Ripon is set to spend up to £20,000 on celebrations to mark next year’s Diamond Jubilee.
City councillors have begun plans for a series of events, starting with a themed red, white and blue firework display on New Year’s Eve and culminating in a day of celebrations on the market square on the Jubilee Bank Holiday weekend.
Monday, June 4 will see the Market Place closed to traffic with fairground rides and performances on the square, if the proposals go ahead.
Plans are also underway for a formal civic service in Ripon Cathedral on Sunday, June 3 and a street celebration taking place on Kirkgate on Saturday, June 2.
Earlier in the year, February will see the city decked out in Union Jacks to mark the date of the Queen’s accession, and organisers hope to stage a special three-hour peal of bells from the cathedral on February 6.
The celebrations will also encompass the London Olympics, said Coun Andrew Williams, who is on the planning committee for the celebrations.
“The chances of a Diamond Jubilee or London Olympics happening in any of our lifetimes are remote, and it is especially rare for them to both happen in the same year.
“We want to put on a programme of events to attract more visitors to Ripon, and we want to people to enjoy themselves and have something to look forward to in difficult economic times.”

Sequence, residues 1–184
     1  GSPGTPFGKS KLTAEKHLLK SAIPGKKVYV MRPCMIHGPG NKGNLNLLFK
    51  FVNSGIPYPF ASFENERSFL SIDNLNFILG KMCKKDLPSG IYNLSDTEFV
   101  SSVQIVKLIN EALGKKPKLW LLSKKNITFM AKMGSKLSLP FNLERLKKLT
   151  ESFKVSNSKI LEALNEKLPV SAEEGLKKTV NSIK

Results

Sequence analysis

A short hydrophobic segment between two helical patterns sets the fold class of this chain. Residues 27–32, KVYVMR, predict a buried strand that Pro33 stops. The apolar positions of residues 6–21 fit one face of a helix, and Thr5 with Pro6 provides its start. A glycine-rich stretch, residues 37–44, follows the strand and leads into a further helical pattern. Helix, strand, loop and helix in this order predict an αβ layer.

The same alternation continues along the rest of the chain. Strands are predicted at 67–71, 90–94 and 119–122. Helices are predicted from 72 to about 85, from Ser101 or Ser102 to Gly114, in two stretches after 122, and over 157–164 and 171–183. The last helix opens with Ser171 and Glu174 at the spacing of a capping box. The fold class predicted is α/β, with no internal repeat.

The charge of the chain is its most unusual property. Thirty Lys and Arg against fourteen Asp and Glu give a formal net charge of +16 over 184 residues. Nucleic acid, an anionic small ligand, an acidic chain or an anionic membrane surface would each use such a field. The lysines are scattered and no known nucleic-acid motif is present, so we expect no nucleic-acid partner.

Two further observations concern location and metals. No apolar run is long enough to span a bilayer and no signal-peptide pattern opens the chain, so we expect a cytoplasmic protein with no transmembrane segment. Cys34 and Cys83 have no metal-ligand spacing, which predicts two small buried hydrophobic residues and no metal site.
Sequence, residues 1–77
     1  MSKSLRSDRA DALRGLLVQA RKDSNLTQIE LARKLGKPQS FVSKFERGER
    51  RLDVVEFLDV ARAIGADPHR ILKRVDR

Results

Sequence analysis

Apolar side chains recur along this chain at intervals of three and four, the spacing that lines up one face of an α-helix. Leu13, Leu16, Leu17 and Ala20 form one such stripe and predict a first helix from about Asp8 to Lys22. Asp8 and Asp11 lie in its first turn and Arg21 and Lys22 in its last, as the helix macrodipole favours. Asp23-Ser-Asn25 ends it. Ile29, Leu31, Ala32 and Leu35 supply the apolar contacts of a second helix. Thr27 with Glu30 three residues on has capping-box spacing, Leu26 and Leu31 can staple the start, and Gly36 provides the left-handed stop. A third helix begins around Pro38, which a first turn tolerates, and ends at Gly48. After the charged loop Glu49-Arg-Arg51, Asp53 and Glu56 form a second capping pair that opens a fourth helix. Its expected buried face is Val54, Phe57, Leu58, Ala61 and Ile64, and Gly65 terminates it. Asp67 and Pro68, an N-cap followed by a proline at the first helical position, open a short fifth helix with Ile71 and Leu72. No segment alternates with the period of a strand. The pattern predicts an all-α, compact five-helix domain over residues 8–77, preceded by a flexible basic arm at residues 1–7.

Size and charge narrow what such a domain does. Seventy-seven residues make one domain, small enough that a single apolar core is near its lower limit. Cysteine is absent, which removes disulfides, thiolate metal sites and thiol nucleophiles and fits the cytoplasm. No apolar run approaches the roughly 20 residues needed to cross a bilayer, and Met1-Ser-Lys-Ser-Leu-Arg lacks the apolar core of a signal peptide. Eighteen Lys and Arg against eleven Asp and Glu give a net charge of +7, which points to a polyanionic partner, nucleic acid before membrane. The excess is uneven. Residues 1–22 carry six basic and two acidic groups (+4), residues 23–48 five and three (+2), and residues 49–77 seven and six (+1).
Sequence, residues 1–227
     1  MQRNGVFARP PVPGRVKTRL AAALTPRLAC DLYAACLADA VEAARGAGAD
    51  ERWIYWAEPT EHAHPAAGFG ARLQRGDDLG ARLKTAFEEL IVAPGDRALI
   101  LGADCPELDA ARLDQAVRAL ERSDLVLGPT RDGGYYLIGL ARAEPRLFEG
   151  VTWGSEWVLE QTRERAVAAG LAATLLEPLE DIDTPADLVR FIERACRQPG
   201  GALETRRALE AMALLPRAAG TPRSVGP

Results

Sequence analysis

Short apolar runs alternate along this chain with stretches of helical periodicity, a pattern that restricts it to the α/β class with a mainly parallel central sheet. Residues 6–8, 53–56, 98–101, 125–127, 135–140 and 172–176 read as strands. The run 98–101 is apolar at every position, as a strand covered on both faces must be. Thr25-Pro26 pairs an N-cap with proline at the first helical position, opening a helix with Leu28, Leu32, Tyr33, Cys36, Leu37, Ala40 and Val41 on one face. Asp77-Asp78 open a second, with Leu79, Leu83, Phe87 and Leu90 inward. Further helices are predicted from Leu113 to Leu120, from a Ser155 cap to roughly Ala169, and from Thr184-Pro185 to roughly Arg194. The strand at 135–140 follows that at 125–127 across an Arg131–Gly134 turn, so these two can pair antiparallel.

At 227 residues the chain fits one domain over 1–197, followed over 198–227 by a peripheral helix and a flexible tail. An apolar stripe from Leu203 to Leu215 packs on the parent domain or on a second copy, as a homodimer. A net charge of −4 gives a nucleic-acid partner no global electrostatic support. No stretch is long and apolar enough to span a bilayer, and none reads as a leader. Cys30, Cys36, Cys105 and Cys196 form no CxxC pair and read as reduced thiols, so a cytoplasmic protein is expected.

Part of the funding for the events – around £6,000 – will come from funds put aside by the council over the last four years for this purpose, with the rest coming from council reserves, to be paid back “over a period of time” Coun Williams said.
The £20,000 budget is the maximum that could be spent, he added, and organisers hope to attract enough sponsorship from local businesses to make some events self-funding.
Organisers hope to present city primary school children with a commemorative mug, which will also be sold through the year to help fund celebrations.
“It’s been reported that one in three town centres are now not viable, and Ripon is to some extent in the balance. We want to do what we can to draw people from the rural hinterland in to Ripon, so they get used to coming to Ripon on a regular basis and using the shops here,” he added
The city council recently announced a 35 percent rise in the parish precept – the equivalent of a 20p a week rise in council tax bills for band D properties – to pay for a new city manager tasked with boosting the city’s ailing economy.
Ripon MP Julian Smith welcomed the news, but warned the council needs to be more open about its finances before taxpayers will stump up more money.
“I have been clear that Ripon needs to come together and act together to improve the city’s economy. That is why I hosted a meeting at Fountains Abbey earlier this month.
“One of my messages is that it is up to city leaders, such as the city council, to come up with a clear vision and strategy for the future and make decisions on the best ways to make that happen – I am pleased to see action has already been taken.
“However, it is also important that the city council is fully transparent about spending. I again urge them to publish a clear picture of its income and its expenditure together with details of its reserves. It is vitally important that taxpayers are given full transparency before being asked to pay more”.
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